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power2max wrote:
Hi Frost,

we have chosen not to make it adjustable because in our view this is no longer appropriate. You should be able to purchase a power meter that is true and precise and remains so.

Let me compare to cars: 30 years ago you could fiddle with the carburetor of your car. Nowadays you can't access the electronic fuel injection of your engine because there is no need to - it works as it should without fiddling and adjustment.

It will take a while for the mindset to shift and expectations to change.

Best
Nicolas

To complete the analogy - modern OBD (on-board-diagnostics) systems will automatically alert you (via a check engine light) if EFI is malfunctioning or there is a cylinder misfire or some other malfunction that needs attention. You can also plug in a scanner tool into your car's OBDII port and it will run a diagnostic check and display any error codes that were thrown by your car. This is standard across all modern cars produced within the past few decades and anyone can do it. There's no mechanical expertise needed - you literally just plug the scanner it into the port, push a few buttons and that's it. Where I live, you can go to your local Auto Zone or O'Reilly (auto parts shop) and ask to use their scanner. Or you can buy your own.

If your check engine light is not on and a scan tool indicates no error codes, that means your car is operating normally within the acceptable range of error defined by whoever came up with the OBD standard. If your check engine light is on, you can still probably drive your car (one of my previous cars was missing some key emissions control equipment so the check engine light was always on). But it's good to have a standard way to tell if any car is "out of spec".

For power meters - the standard method that everyone has always used is a static torque test. You can take a known, verified weight (I use a 20kg NIST-certified weight purchased for about $130 from McMasters-Carr, plus a 114g metal hanging tool that allows me to easily hang it on the crank spindle) and calculate the expected torque given: the total force that you're applying (in my case - 20kg + 114g), the force of gravity (in everyone's case - approx. 9.8 m/s^2), and the crank length. Apply this force to the power meter (by hanging the weight from the crank arm or the chainrings). Then measure the difference between the actual torque applied and the torque reported by the power meter and determine the % error. Very simple, and this is a method you can use for any power meter to ensure that all of your devices are within specification.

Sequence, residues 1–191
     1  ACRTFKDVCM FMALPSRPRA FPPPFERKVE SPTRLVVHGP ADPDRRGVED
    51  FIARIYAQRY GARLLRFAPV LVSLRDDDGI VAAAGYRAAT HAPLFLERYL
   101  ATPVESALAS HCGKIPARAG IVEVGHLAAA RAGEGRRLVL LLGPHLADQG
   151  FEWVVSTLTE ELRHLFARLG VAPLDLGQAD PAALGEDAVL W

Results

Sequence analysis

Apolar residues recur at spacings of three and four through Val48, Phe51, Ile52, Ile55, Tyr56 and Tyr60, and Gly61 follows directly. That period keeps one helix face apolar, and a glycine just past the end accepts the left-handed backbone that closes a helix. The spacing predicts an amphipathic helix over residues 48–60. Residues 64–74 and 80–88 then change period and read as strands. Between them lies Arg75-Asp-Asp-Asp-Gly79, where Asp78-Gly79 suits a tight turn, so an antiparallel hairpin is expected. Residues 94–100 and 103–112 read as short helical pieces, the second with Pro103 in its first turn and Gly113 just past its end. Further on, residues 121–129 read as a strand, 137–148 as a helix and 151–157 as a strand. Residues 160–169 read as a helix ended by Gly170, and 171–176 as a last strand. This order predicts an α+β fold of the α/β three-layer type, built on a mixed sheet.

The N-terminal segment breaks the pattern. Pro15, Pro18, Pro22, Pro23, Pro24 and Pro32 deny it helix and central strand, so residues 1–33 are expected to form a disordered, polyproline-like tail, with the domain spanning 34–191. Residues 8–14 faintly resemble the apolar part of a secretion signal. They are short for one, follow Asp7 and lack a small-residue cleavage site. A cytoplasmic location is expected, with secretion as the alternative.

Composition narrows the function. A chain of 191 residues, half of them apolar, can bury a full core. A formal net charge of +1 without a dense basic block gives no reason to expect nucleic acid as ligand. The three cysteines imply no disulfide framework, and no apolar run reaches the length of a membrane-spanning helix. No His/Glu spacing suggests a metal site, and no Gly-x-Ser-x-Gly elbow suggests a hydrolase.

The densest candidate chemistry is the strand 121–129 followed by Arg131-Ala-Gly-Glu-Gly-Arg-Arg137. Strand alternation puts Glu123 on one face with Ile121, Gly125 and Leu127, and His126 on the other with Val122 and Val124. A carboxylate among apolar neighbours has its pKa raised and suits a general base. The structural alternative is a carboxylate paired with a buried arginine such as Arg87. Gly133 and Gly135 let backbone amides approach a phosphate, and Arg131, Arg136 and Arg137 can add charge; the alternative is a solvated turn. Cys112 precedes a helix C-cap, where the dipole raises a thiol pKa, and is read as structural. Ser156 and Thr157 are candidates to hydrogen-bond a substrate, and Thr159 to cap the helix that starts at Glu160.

Regarding your note about BB resistance affecting the results of a static torque test:

Bottom brackets do provide some resistance, but the resistance is so small that it doesn't affect the validity of the test. This same topic came up in March or April on the Google Wattage forum (https://groups.google.com/...aI7Yp1o/otyfC_KmB9cJ). Someone did a test and found that, with the chain detached, a 10g weight applied to the pedals was sufficient to overcome any resistance from the bottom bracket and move the crank arm forward. With a 20kg weight, this is very insignificant (0.05% of the total weight used in the test). 0.05% might even be within the +/- range of error for an NIST-certified weight. So unless your bottom bracket is completely seized or has some other serious problems that prevent the crank from turning, BB resistance just isn't a significant factor in the static torque test.

In the dynamic situation (moving drivetrain), Friction Facts has found that the bottom bracket uses up about 0.4 to 0.6% of the total input force. Again - not a significant factor. There is a recent ST thread ("Best Bottom Bracket Ever") which touches upon this. In other words - the best bottom bracket ever will only net you about 0.5% extra watts.

In any case, if you were hypothetically building a power meter that promised accuracy to 0.01% and wanted to eliminate bottom bracket resistance - you could rig up a static torque test to bypass the bottom bracket / crank arm and hang the weight directly from the chain. Below is a photo of SRM's calibration rig in their Colorado Springs facility. In the same thread on Google Wattage (linked above), someone did just this (hung the weight directly from the chain) and received identical results compared to hanging weight from the crank arm.

Please understand that I'm not trying to unnecessarily bust your chops, Nicolas. All of us do appreciate you responding directly to our concerns and requests in a prompt manner. This is very refreshing and is above-and-beyond what other competitors provide.

But I did want to just state the case for why static torque analysis (or rather - any standard, repeatable testing procedure) should be used to verify claims of accuracy for any power meter. In the past, users who have done static torque analysis on even SRM units have found that their factory calibration is out-of-spec.

Trying to recall the phrase that RChung and Tom A. use all the time - "trust but verify"? If you can accurately verify, then you don't even need to trust. Well - other than trusting that your certified weight actually weighs what it's supposed to weigh.